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UFO Investigations: The Science And The Will To Believe

To close the door on 2017, the strangest year I can remember, there's nothing more appropriate than the revelation in December from the U.S. government that it, indeed, had an office dedicated to the investigation of UFO-related phenomena. It's enough to make X-Files and conspiracy-theory fans rejoice. Tucked in the fifth floor of the Pentagon, in a remote area known as C Ring, since 2007 the military intelligence officer Luis Elizondo headed the Advanced Aerospace Threat Identification Program. Although details of the program remain enshrouded in military secrecy, some of its projects have been made public by Elizondo and his associates. Some $22 million was slated for the office, which officially closed its doors after funding ended in 2012 though, according to Elizondo, the effort continues. The funding was obtained at the request of Nevada's then-Sen. Harry Reid. Elizondo told The New York Times that he continued to meet with military and intelligence officers until his resignation this past October. Most of the funds went to billionaire entrepreneur Robert Bigelow, according to the Times report, who owns the Las Vegas-based aerospace company contracted by the Defense Department to analyze reports of sightings and even materials said to be of alien origin. Among the reports studied were sightings of high-speed flying objects that showed no signs of a propulsion mechanism or others that were able to hover, as if by magic. A striking one is the video shot in 2004 near San Diego by two Navy F/A-18F jets showing an oval-shaped flying object the size of a conventional aircraft. Reports of UFOs are not new, of course, starting with the famous Roswell incident of July 1947, where supposedly a "flying disk" crashed in the desert to much sensational news, including the capture of the dead (or living?) alien pilots that were then whisked to the equally mysterious Area 51, an Air Force base of shadowy reputation. You can watch a video of the whole incident from the Roswell Museum website. According to the official military version, though, it was simply a weather balloon.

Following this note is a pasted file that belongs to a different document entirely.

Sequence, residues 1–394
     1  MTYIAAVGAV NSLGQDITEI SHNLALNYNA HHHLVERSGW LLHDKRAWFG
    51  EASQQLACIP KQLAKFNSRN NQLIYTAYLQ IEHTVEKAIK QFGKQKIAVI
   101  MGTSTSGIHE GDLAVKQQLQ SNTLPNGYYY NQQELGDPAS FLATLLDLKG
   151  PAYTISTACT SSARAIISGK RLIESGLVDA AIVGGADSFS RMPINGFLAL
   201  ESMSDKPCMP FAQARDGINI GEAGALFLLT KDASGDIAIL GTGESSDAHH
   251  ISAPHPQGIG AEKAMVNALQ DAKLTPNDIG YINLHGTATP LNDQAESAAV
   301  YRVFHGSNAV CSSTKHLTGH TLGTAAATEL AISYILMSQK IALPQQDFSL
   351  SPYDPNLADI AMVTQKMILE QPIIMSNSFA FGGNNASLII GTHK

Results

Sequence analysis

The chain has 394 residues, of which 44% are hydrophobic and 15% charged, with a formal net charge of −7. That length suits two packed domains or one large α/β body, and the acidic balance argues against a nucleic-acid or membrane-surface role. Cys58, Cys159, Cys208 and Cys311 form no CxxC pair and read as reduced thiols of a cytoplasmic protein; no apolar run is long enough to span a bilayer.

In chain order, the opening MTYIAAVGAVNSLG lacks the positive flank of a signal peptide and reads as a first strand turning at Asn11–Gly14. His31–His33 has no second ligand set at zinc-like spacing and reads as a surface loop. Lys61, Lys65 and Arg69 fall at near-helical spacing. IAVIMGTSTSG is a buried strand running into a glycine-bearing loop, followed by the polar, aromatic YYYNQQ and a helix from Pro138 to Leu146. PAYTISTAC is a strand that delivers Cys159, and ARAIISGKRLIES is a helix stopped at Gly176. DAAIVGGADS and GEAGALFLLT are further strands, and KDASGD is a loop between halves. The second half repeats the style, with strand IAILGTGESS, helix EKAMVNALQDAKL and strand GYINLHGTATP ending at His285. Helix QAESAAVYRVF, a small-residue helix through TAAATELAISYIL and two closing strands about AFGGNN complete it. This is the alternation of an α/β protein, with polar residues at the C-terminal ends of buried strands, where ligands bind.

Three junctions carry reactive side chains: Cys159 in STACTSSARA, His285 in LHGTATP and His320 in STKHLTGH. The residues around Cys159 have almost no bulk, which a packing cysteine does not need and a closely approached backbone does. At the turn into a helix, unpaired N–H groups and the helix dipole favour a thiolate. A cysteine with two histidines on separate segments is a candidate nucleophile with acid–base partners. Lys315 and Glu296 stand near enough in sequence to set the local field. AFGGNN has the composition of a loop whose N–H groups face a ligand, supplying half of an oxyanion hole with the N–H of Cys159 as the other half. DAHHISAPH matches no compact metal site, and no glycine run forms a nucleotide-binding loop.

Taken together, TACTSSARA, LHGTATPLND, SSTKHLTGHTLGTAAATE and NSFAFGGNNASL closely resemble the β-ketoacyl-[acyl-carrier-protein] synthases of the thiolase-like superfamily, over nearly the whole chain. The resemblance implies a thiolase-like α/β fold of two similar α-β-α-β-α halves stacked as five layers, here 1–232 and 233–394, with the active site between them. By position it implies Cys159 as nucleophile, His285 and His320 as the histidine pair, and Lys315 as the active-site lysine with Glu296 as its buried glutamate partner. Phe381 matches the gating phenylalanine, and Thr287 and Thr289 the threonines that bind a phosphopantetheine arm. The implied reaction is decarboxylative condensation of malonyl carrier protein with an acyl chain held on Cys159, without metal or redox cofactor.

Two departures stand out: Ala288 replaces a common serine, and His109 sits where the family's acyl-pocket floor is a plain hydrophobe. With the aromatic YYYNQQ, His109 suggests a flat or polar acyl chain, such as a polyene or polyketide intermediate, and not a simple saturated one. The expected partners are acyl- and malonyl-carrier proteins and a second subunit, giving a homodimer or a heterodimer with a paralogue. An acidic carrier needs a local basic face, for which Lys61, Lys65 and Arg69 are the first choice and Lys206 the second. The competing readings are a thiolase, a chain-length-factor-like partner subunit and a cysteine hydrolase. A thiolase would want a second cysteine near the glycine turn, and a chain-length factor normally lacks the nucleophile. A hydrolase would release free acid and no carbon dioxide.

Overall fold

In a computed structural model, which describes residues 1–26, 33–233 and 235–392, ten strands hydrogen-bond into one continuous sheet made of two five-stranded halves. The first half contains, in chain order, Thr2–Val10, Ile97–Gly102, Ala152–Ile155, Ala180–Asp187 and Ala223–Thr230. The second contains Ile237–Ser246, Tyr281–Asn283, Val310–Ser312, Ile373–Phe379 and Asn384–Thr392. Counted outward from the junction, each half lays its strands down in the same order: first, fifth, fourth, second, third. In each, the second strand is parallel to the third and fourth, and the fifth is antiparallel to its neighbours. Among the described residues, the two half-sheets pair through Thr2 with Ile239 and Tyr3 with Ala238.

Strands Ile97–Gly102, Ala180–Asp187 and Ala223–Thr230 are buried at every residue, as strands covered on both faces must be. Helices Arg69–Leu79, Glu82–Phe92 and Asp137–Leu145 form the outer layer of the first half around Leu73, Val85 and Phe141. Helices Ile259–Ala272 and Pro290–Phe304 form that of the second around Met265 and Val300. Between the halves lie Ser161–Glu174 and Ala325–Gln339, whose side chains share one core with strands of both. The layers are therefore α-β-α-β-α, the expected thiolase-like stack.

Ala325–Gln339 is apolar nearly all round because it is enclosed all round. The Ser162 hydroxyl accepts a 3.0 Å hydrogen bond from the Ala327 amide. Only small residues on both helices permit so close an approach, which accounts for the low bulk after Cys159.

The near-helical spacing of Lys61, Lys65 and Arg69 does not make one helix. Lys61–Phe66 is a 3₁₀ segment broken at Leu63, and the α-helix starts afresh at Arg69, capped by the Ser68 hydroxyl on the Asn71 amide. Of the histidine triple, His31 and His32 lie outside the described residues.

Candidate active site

Read More: NPR

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